Q&A and Other Interesting Tidbits with CoinSummit Altcoin Panel

An  panel on altcoins took place at this year’s CoinSummit, held at the Yerba Buena Center in San Francisco. The

An  panel on altcoins took place at this year’s CoinSummit, held at the Yerba Buena Center in San Francisco. The topic was: “Altcoins – a fad or here to stay?”

The panel discussion was with the heavy hitters in the altcoin world: Charlie Lee, founder of Litecoin; Jackson Palmer, founder of Dogecoin; Paul Vernon, founder of Cryptsy; and moderated by Michael Terpin, founder of SocialRadius, a social media marketing agency.

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Several details about altcoins, their creators, communities and outlook emerged from the discussion, some of which are fascinating or not so well known.

Lee gave a personal account of the beginnings of Litecoin: There was a need to try out a coin with faster block processing times. To thrive, the coin would also need a different mining algorithm so as not to constantly compete for the same set of miners. Essentially, it had to achieve success on its own merit. When he launched it, it was immediately popular and many jumped into its mining. He says he personally didn’t hold any at launch, rather he acquired litecoins through an exchange. He wanted “a silver to Bitcoin’s gold”, a branding which he believes really helped it take off.

Lee was initially nervous with all the publicity at first, especially when “Wired” wrote a whole piece on him. Everyone wanted to to get a hold of him. His wife teased him that he’s only famous because they can’t find Satoshi. Recently, when claiming they found Satoshi, Lee “worried” that his fame will fizzle.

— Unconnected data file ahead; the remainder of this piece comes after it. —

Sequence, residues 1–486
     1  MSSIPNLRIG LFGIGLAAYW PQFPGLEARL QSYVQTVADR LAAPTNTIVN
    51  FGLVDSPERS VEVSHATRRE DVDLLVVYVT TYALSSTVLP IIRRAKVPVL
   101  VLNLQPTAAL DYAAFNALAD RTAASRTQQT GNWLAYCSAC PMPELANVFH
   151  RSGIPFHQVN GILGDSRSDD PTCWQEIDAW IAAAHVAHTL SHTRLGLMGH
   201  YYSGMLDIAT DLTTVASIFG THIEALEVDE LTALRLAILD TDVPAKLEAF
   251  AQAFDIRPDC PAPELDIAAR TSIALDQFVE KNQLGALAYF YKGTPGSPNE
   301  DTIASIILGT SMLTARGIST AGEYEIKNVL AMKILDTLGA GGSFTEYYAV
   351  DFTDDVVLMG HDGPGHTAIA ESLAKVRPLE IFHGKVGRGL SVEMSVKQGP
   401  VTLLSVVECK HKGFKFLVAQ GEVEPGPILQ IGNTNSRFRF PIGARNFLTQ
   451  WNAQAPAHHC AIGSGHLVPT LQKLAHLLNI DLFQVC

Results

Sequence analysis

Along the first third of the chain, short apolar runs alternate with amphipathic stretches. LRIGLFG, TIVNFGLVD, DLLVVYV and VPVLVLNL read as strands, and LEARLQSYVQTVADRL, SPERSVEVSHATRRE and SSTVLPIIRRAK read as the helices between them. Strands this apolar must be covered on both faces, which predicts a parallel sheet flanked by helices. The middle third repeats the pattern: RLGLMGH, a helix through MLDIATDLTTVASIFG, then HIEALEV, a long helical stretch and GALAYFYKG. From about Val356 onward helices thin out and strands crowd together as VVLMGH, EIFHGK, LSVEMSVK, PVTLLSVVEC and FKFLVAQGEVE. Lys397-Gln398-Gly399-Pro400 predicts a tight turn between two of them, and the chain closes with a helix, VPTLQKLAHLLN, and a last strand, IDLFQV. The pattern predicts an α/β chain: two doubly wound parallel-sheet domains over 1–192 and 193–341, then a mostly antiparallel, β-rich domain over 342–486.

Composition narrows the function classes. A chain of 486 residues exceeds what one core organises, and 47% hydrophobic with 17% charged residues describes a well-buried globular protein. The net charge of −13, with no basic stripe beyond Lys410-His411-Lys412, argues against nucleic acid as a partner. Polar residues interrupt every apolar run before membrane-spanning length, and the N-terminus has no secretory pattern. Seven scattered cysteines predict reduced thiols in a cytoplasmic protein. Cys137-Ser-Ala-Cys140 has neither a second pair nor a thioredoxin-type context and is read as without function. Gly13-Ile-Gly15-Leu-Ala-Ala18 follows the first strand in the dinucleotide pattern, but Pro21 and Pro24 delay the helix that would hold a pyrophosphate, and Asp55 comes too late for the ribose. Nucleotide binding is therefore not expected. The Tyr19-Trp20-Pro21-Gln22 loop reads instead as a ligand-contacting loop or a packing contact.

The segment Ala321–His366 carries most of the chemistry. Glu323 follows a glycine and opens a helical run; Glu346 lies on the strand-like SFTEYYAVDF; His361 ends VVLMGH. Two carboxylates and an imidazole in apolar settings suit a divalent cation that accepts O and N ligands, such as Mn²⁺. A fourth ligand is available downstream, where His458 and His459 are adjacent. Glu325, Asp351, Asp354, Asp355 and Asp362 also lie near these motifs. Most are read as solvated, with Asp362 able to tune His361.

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Paul Vernon also talked about Cryptsy’s beginnings: initially it wasn’t even an exchange, but rather served as a pool to facilitate new coins. The problem was once these coins were created, people didn’t know what to do with them. So he created an exchange, and it more than he expected.

On the multitudes of coins out there, Vernon said that while Cryptsy supports many of them, they still carefully consider each one before it gets accepted on the platform. However, just because something is pre-mined and appears ripe for pumping doesn’t mean it won’t be accepted. He also mentioned that while they’ve been highly successful in adding coins thus far, Nxt really threw them curve-ball due to its entirely . They had to implement code bridging the interface between the old and the new.

Palmer also talked about Dogecoin. A lot of the altcoins are useful for serving as a testbed for the future, and Dogecoin was a . He wanted to put a “relatable face” to something quite daunting to people and also introduce micro transaction ability. But they’re still Bitcoin supporters.

Interestingly, there are a decent number of women in the Dogecoin community, something which isn’t found with many other coins. The community is typically younger, more involved in social media. Dogecoin is hot on places like Facebook and Twitter. What’s more is that at least 50% have had no prior exposure to digital currency- Dogecoin is their first experience.

It also avoids a lot of the negative stigma surrounding cryptocurrency (hackers, drugs, etc). It’s “family friendly”. At the recent “Dogeparty” in New York, parents brought their kids.

Palmer said that while he’s excited about the initiative, he can’t respond to every e-mail- after all, he works full time at Adobe Systems. He mused how his two worlds were kept relatively separate until he was approached by his HR boss one day because he was on the front page of the paper in Australia. During Q&A period, he clarified that his company was generally supportive of his cause, especially since Dogecoin is so active in for charitable causes while lying at the forefront in innovation.

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